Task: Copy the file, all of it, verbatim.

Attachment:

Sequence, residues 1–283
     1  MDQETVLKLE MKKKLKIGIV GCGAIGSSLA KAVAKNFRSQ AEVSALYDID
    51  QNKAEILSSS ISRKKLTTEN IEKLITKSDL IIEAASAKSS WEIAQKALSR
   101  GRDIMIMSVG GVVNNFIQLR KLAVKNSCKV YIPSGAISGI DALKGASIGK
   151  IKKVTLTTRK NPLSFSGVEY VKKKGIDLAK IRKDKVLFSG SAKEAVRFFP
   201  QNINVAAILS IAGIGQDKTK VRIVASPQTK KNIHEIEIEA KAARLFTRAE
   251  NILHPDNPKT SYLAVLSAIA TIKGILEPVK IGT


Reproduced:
Sequence, residues 1–283
     1  MDQETVLKLE MKKKLKIGIV GCGAIGSSLA KAVAKNFRSQ AEVSALYDID
    51  QNKAEILSSS ISRKKLTTEN IEKLITKSDL IIEAASAKSS WEIAQKALSR
   101  GRDIMIMSVG GVVNNFIQLR KLAVKNSCKV YIPSGAISGI DALKGASIGK
   151  IKKVTLTTRK NPLSFSGVEY VKKKGIDLAK IRKDKVLFSG SAKEAVRFFP
   201  QNINVAAILS IAGIGQDKTK VRIVASPQTK KNIHEIEIEA KAARLFTRAE
   251  NILHPDNPKT SYLAVLSAIA TIKGILEPVK IGT